LAVATER, Ludwig; DANEAU, Lambert
De spectris, lemu ribus et magnis atque insolitis fragoris, varijsque praesagitionibus quae plerunque obitum hominum..; De veneficis, quos olim sortilegos, nunc autem vulgo sortiarios vocant, dialogus.[Geneva], Eustache Vignon, 1574
FIRST EDITION of the second work. Two vols. in one. 8vo. 1) pp. , 272. 2) pp. 127 [i]. Italic letter, some Roman. Small woodcut printer’s device on both titles, floriated woodcut initials, grotesque woodcut headpieces and ornaments, contemporary shelf mark with price record at head of each vol. “N.123. 30 sols” in first, “N. 127. ?sols” in second, the price rubbed out, C19th engraved armorial book-label of M. A G- du Plessis and P. de la Morandière c. 1900, on pastedown. Light age browning, first title-page a bit spotted, mostly marginal elsewhere. Very good copies in contemporary limp vellum, yapp edges, remains of ties.
Exceptionally rare first edition of this important work on witchcraft by the Protestant Pastor from Geneva, Lambert Daneau, bound with the second latin edition of Lavater’s, (another Protestant), important work on Ghosts, first published in 1569 in German. Daneau’s major work on witchcraft, Dialogus de veneficiis. was translated, in 1575, into English by Thomas Twyne as ‘A Dialogue of Witches.’ “Lambert Daneau, a French Calvanist theologian and Minister, published a treatise on witches in 1574. The book took the form of a dialogue in which one speaker, Theophilus, responded to the occasionally skeptical questions presented to the other speaker, Anthony. The treatise establishes some of the main themes of the late sixteenth and seventeenth-century Protestant demonology. One of the most salient of those features was a heavy reliance on scripture. This biblicism is evident in Daneau’s argument .. that to claim that witches were victims of melancholy was tantamount to the blasphemous denial of the biblical statement that the demoniacs whom Christ cured were also only melancholics and not possessed by demons. A second Protestant theme ..was that the increase in the number of witches was related to the prevalence of superstition and false religion that the Reformation was endeavouring to dispel. ..Calvinists claimed that the age of miracles had ended in biblical times and that magic performed by witches through the power of the devil consisted of nothing more than wonders. Daneau makes this point in his treatiseand he also presents the argument .. that the Devil, despite his great power, could only work within the laws of nature. One of the effects of this line of thought was to make the crime of witchcraft primarily a spiritual offence, consisiting in the pact wth the Devil. This emphasis is clear in Daneau’s treatise, and it was followed by most of the English demonologists of the late sixteenth and seventeenth centuries.” Brian P. Levack . ‘The Witchcraft Sourcebook.’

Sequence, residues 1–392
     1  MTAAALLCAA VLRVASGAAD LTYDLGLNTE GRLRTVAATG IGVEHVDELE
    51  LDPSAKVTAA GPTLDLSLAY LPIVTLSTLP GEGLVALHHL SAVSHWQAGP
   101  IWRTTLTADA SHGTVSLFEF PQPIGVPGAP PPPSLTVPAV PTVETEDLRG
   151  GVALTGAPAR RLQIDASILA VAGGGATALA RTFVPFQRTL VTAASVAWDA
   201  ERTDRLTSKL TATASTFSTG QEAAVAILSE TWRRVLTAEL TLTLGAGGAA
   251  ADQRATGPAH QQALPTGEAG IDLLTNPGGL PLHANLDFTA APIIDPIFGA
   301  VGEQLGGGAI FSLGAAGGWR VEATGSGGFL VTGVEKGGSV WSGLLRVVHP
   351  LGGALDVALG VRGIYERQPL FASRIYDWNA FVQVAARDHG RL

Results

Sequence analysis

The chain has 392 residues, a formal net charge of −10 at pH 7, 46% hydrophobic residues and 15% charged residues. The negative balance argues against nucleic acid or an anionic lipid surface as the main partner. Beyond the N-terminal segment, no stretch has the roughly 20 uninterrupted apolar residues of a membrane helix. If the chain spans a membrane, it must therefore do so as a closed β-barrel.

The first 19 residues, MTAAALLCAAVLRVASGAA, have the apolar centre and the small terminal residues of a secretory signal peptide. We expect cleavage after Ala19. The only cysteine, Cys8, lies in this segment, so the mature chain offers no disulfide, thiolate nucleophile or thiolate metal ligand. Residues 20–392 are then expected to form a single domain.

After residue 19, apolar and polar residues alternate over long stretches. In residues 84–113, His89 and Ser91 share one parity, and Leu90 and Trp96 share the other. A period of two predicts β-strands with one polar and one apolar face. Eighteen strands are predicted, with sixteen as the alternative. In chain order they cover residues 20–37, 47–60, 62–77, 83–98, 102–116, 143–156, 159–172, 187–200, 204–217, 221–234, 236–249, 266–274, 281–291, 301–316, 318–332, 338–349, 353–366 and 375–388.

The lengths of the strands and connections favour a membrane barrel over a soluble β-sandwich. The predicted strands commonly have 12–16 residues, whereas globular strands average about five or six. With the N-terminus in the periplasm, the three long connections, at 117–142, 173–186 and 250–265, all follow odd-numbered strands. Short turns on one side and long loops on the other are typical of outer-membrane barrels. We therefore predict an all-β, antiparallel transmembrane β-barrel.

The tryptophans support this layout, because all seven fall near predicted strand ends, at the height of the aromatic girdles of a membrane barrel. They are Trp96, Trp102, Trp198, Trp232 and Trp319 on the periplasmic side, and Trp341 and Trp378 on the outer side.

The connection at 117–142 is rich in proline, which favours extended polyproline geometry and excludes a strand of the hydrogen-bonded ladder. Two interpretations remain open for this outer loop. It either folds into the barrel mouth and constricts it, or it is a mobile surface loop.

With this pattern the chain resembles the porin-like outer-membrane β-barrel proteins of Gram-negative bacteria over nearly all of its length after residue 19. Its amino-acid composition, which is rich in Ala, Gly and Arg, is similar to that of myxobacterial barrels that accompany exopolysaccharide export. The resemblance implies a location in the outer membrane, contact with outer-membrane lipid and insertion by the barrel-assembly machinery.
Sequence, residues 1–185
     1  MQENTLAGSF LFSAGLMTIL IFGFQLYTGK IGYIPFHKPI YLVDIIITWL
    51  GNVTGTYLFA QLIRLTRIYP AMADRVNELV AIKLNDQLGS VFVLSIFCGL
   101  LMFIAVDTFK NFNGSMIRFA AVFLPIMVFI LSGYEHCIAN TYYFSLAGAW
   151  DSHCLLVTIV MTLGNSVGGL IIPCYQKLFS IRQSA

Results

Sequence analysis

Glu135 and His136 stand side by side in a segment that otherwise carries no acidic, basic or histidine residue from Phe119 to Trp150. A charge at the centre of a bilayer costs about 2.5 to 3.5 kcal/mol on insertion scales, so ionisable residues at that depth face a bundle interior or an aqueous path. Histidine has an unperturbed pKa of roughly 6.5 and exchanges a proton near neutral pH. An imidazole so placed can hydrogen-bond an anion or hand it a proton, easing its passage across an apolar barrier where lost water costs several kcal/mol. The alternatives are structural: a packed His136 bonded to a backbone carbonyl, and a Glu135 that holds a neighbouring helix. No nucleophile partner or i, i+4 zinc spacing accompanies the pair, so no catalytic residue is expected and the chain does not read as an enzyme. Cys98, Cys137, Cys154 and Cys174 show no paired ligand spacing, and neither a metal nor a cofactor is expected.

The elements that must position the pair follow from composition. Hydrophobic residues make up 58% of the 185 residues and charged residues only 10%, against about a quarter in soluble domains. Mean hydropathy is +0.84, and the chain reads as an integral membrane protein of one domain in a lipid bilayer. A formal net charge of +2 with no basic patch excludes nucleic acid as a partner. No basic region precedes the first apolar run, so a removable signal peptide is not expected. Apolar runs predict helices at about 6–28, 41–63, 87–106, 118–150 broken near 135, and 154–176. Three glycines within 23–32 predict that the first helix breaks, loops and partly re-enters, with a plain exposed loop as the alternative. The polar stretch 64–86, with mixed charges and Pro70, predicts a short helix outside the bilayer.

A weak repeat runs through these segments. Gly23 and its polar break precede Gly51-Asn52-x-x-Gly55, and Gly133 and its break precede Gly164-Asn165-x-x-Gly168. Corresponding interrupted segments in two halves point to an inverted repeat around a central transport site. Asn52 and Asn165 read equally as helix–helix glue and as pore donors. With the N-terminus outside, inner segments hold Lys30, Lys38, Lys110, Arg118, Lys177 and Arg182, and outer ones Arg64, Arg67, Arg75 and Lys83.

Lavater (1527-1586) was a prolific author. His work on ghosts, ‘De spectris’ was one of the most frequently printed and widely translated demonological works of the early modern period, going into at least nineteen editions in German, Latin, French, English and Italian. In this treatise on Lemures, ghost shades of the dead which presage great disasters and the change of empires, he maintains that the many of these apparitions are not the souls of the dead but the work of demons. “the ‘De spectris, lemuribus… of the Protestant physician Ludwig Lavater, published in Zurich in 1570, (we) find an impressive and varied picture of supernatural visions. Among the variety of phenomena he discusses, Lavater devotes particular attention to spectral combats, which, he states, are to be understood as bad omens. Such were swords, lances, and a large number of objects seen in the air; clashing armies or fleeing troops seen or heard in the air or the ground; the horrible sound of shouting voices and the clangor of clashing arms.” Ottavia Niccoli. ‘Prophecy and People in Renaissance Italy.’ Lavater does not attack witchcraft directly, but his theory of devils shows he must have believed in the power of sorcery. He also attacked those that used superstition for their own benefit. “Thus for Lavater, men who falsely believed that they saw ghosts, apparitions and visions, were either melancholic, or possessed madmen, or alternatively, just fearful, or weak in their senses, or finally drunkards. Priests and monks on the other hand, in spreading credulous beliefs, were deluding the people for the sake of personal profit and even sexual gratification. .. Lavater substantiated his claim by adducing numerous anecdotes from classical and modern sources (among them Erasmus) in which priests, monks and friars had abused the trust of their flock, appearing as ghosts and spirits of the dead in order to seduce wives, extort money, obtain a bishopric, or prove a theological point by false miracles. ” Michael Heyd. ‘Be Sober and Reasonable’.
An important first edition and most influential work on witchcraft, bound with another seminal work on ghosts.